Additionally, “We meet the new [Florida Department of Environmental Protection] coastal construction standards,” Black continued. The complex will be made of concrete and steel, he noted, and it will be able to withstand 160 mph wind.
Only the first floor of the existing house, he said, is constructed of concrete and steel. The upper floors are made of wood.
Black stressed several times that the variance Saba Sands was requesting represented the minimum necessary to permit reasonable use of the property, alluding to Section 54-724 of the County Code, known as the Coastal Setback Code.
Following the County Commission’s August 2020 denial of Saba Sands’ application for the six-unit structure, attorney Saba pursued a Florida Land Use and Environmental Dispute Resolution Act (FLUEDRA) process against the county. A Special Magistrate based in Tampa who conducted the hearing agreed in March that the County Commission was not unreasonable in denying the Saba Sands petition last year. However, the Special Magistrate also agreed that Saba Sands could file a modified application with county Environmental Permitting staff for a four-unit structure.
Attorney Saba told The Sarasota News Leader in March that he intended to do submit that new application. The Dec. 7 hearing was the culmination of that process.
Regardless of the changes in the proposal, however, Siesta Key residents remained opposed to Saba’s plans.
During the public hearing last week, Robert Luckner, a director of the Siesta Key Association, and a Sarasota Audubon volunteer, Dick Miles, reprised concerns they aired in August 2020 about the potential negative effects of the new construction on the nesting shorebirds known as snowy plovers.
Luckner again showed the board members a graphic depicting the locations of snowy plover nests found on the Key over the past decade. A number of them were on the seaward portion of the Saba Sands property.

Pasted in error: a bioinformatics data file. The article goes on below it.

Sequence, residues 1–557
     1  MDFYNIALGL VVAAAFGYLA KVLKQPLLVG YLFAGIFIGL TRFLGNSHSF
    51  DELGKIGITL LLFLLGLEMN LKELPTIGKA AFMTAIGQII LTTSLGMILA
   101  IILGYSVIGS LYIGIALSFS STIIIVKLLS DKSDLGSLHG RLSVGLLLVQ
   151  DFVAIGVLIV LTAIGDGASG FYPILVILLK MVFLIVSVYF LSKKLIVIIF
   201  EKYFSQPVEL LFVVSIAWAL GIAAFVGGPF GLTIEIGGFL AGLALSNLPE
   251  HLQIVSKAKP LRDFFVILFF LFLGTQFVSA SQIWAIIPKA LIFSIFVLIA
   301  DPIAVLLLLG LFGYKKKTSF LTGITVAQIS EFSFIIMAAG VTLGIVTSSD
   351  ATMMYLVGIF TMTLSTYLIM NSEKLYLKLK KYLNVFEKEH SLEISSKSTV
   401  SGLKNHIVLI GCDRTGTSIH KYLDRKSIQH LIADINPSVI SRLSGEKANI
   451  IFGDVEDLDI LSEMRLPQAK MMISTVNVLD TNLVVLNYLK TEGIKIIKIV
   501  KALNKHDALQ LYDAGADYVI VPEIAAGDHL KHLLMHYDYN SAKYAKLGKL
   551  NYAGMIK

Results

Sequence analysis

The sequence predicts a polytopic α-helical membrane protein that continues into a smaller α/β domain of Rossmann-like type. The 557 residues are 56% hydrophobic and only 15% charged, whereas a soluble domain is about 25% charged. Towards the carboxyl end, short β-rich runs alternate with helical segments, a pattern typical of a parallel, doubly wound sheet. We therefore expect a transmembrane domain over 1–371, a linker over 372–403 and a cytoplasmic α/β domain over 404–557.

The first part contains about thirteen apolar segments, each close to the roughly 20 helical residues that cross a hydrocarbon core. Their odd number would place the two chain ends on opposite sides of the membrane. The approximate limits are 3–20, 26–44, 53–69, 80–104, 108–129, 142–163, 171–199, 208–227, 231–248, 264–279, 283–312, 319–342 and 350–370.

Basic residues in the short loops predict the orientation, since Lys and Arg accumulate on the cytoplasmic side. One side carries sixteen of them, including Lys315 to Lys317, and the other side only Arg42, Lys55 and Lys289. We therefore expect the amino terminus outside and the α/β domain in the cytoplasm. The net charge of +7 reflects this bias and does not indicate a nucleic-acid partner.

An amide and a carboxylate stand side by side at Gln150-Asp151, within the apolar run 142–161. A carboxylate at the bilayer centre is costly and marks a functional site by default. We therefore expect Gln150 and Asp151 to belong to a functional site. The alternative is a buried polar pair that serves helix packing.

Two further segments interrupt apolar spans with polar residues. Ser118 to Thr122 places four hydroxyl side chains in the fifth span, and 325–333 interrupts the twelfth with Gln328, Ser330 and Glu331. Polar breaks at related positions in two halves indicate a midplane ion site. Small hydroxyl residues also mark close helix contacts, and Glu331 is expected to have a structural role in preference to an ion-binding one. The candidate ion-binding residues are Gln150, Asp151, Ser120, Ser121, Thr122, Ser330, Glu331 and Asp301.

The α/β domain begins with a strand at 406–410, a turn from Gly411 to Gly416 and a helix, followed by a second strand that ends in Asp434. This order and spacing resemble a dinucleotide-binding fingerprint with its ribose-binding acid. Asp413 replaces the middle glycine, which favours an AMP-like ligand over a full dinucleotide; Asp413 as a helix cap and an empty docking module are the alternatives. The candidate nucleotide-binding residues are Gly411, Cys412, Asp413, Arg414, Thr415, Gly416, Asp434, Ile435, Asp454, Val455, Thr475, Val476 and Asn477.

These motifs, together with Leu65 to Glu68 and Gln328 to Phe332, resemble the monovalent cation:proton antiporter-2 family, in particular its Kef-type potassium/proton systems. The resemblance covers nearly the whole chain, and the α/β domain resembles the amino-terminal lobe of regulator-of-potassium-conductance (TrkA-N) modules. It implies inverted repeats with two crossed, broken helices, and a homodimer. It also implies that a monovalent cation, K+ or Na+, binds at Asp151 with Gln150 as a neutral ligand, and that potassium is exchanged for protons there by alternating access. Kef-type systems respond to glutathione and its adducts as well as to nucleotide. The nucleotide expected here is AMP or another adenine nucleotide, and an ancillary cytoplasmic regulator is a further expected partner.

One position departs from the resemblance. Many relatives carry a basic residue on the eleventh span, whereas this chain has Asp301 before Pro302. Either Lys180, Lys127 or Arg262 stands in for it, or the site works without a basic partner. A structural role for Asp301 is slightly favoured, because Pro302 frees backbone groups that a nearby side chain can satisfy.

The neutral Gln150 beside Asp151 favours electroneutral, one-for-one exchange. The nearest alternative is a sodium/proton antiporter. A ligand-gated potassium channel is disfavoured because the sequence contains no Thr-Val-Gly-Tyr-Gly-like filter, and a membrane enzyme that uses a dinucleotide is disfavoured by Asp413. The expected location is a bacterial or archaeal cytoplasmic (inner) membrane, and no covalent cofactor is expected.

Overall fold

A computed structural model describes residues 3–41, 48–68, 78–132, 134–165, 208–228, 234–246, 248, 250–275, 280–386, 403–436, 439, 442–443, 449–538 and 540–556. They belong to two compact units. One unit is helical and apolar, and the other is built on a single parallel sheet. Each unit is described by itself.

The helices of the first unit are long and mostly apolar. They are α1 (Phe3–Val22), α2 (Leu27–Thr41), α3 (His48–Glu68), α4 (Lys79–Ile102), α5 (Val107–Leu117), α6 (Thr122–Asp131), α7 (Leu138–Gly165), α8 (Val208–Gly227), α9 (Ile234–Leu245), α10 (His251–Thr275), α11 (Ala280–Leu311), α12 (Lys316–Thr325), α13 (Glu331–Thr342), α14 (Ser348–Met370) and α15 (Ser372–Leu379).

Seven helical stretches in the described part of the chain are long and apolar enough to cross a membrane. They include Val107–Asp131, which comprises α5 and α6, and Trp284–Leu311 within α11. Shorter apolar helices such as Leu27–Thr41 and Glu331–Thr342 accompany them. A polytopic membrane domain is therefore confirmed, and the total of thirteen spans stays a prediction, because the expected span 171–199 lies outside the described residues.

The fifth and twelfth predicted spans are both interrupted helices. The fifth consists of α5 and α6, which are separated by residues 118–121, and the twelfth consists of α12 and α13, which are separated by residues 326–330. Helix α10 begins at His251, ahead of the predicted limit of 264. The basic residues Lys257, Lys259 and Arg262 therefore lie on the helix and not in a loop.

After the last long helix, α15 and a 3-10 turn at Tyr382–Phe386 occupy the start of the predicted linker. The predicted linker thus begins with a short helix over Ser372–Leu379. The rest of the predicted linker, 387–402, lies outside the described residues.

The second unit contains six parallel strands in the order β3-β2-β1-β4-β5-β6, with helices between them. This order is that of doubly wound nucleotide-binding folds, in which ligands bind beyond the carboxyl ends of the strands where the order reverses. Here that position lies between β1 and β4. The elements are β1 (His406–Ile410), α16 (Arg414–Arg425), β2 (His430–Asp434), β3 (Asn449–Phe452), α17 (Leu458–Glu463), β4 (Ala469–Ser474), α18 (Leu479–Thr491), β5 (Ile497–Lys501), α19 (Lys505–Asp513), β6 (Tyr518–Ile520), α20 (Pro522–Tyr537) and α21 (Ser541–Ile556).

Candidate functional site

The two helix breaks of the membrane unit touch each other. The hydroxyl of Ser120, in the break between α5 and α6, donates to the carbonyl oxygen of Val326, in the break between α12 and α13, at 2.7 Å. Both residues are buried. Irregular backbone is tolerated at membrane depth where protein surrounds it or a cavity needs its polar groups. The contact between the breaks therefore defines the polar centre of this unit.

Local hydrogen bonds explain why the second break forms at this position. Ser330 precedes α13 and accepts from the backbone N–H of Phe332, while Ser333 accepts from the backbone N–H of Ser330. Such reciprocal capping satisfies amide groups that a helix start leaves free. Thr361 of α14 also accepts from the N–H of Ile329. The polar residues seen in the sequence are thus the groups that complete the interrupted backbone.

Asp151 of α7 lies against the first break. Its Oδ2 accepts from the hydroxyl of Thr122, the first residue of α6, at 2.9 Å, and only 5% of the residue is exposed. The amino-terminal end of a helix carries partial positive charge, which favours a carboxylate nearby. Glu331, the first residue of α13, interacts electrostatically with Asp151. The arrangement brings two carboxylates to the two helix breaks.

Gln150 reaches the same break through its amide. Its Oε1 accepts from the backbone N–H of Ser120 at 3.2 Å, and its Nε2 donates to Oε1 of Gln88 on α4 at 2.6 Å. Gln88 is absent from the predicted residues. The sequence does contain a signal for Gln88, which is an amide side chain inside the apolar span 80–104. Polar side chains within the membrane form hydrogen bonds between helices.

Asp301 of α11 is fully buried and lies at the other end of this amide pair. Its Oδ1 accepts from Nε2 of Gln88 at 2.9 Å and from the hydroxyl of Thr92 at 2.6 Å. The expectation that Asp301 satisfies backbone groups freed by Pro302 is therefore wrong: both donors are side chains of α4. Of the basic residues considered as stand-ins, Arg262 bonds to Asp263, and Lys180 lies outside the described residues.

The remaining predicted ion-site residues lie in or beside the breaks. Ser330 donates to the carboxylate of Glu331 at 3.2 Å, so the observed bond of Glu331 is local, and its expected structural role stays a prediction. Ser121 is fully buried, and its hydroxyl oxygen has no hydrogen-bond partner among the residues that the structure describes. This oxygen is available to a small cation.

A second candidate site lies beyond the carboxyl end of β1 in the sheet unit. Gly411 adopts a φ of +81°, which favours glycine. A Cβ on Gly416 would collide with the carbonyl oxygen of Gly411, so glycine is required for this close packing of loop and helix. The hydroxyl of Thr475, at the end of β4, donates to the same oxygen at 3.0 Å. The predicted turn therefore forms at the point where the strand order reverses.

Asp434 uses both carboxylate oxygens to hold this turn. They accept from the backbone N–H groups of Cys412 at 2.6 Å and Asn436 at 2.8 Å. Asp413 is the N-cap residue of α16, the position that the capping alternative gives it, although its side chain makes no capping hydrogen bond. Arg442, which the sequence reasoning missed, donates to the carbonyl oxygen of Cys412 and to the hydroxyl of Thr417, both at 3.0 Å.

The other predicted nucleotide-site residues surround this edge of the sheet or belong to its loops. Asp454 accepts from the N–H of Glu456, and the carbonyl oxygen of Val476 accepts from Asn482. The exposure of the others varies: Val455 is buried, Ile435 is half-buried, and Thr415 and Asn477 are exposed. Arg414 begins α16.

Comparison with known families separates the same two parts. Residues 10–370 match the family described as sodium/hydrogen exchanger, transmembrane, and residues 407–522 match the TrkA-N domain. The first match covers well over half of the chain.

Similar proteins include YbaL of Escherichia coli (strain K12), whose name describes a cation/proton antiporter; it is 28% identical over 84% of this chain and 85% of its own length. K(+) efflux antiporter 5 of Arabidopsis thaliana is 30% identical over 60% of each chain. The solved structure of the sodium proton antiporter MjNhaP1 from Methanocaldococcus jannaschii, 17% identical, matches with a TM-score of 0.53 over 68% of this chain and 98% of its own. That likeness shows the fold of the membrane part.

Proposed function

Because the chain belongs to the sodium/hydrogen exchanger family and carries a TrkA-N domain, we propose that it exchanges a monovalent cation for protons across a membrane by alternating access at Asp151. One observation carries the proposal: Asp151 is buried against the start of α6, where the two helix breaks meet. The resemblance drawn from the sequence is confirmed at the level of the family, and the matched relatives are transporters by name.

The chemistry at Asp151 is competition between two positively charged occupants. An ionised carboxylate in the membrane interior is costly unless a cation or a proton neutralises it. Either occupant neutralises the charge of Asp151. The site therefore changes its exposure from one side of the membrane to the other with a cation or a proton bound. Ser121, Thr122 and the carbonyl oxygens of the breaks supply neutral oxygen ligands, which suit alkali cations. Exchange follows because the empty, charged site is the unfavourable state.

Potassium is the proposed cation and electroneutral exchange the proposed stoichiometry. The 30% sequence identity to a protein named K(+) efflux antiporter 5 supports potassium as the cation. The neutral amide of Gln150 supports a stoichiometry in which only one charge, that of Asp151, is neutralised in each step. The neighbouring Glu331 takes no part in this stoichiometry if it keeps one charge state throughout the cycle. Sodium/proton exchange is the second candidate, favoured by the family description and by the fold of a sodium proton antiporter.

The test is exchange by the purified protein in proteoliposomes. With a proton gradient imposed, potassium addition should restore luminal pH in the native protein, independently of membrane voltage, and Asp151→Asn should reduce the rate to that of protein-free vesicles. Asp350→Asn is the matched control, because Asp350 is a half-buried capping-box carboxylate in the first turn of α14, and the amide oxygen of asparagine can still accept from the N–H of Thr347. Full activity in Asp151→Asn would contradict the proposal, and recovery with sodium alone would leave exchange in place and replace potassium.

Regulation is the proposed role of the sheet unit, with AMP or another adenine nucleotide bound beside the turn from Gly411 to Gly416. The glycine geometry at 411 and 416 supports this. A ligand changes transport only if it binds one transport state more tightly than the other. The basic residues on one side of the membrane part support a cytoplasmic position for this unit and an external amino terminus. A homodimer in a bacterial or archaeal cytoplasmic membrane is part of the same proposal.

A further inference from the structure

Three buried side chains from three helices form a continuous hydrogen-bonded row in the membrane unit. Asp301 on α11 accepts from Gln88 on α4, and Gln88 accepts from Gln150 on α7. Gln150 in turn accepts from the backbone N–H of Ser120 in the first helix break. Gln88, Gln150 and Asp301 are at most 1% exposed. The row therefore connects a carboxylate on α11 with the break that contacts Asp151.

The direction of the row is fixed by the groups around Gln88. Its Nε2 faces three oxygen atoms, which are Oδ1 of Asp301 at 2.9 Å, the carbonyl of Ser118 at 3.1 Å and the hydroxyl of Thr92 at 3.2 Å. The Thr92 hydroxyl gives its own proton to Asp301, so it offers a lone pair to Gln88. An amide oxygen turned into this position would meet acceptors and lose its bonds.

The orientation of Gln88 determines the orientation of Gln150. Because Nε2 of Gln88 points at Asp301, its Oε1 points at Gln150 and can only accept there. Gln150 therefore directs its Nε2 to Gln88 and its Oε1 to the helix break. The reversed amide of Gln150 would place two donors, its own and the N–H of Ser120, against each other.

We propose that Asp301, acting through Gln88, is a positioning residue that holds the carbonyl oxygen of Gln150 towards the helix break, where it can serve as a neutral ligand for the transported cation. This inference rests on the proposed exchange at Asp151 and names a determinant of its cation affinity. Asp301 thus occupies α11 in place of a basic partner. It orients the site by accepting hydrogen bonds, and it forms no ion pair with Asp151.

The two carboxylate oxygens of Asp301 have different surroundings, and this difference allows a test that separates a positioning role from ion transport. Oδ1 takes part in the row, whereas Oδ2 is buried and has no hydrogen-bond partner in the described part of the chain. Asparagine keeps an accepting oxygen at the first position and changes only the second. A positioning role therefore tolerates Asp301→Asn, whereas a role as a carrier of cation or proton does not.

The plovers, Luckner pointed out, “are imperiled. They are [classified as a] state-threatened, protected species.” The entire state has only about 98 nesting pairs, Luckner added. Approximately 17% of those “nest in our region.”
The birds already have to deal with numerous problems on Siesta, he continued: dogs, people, crows and ghost crabs among them.
The birds nest right on the beach. If they feel threatened, Florida Audubon bird stewards have stressed, the birds will abandon nests, even if eggs are close to hatching.
During his rebuttal, Black, the Saba Sands representative, noted that all of the nest locations that Luckner had shown the commissioners “are outside the development area” being proposed.
Bradenton attorney Patricia Petruff, who was representing adjacent homeowners Lisa and Amir Arbisser — who live at 644 Beach Road — referenced the county’s Coastal Setback Code herself in emphasizing that the single-family home standing at 636 Beach Road “is a reasonable use of the property.”
She also pointed out that when the County Commission heard a petition for a Coastal Setback Variance for the land in 1998, “There were units on four platted lots. Those owners agreed to one unit. … That’s stated in [the variance the commission approved then].”
Moreover, Petruff concurred with Berna of Environmental Permitting about the development rights having been “extinguished on the lots under the conservation easement” at 636 Beach Road.
If the commissioners approved this petition, she said, they should prepare themselves for the owners of other Beach Road property to seek more residential density on their lots.
“There is no hardship here,” Petruff emphasized, again referring to Chapter 54 of the county’s Code of Ordinances. “One house has been deemed for 23 years to be a reasonable use. … Trying to make more money by having four rentable units is not a hardship.”
During his rebuttal, Black emphasized that the conservation easement “did not extinguish the underlying development rights” on the two more seawards lots on the site. Further, he pointed out, “We’ve demonstrated that this is a hardship on the land,” if the commissioners refused to allow Saba Sands to construct the four residential units when it has a unity of title to the four platted lots.
During his remarks after making the motion to approve the petition, Commissioner Moran said he had to consider the intent of the proposal. “I do generally feel the applicant’s acting in good faith to make this work. … The testimony that absolutely resonated with me” was the fact that Saba Sands was entitled to construct four units on the four lots,” Moran added.